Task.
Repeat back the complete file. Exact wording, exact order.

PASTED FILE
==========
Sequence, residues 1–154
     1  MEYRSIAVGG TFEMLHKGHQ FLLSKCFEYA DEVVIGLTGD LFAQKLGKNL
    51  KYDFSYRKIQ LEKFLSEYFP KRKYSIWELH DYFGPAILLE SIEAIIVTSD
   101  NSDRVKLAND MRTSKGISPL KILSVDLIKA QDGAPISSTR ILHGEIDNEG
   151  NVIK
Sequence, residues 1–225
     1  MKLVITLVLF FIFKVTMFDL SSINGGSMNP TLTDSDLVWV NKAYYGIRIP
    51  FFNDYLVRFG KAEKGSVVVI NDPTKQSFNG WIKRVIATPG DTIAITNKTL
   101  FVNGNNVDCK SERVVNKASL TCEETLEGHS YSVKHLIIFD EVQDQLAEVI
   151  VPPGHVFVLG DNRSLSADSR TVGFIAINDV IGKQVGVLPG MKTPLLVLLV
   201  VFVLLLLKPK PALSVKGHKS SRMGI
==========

Sequence, residues 1–154
     1  MEYRSIAVGG TFEMLHKGHQ FLLSKCFEYA DEVVIGLTGD LFAQKLGKNL
    51  KYDFSYRKIQ LEKFLSEYFP KRKYSIWELH DYFGPAILLE SIEAIIVTSD
   101  NSDRVKLAND MRTSKGISPL KILSVDLIKA QDGAPISSTR ILHGEIDNEG
   151  NVIK
Sequence, residues 1–225
     1  MKLVITLVLF FIFKVTMFDL SSINGGSMNP TLTDSDLVWV NKAYYGIRIP
    51  FFNDYLVRFG KAEKGSVVVI NDPTKQSFNG WIKRVIATPG DTIAITNKTL
   101  FVNGNNVDCK SERVVNKASL TCEETLEGHS YSVKHLIIFD EVQDQLAEVI
   151  VPPGHVFVLG DNRSLSADSR TVGFIAINDV IGKQVGVLPG MKTPLLVLLV
   201  VFVLLLLKPK PALSVKGHKS SRMGI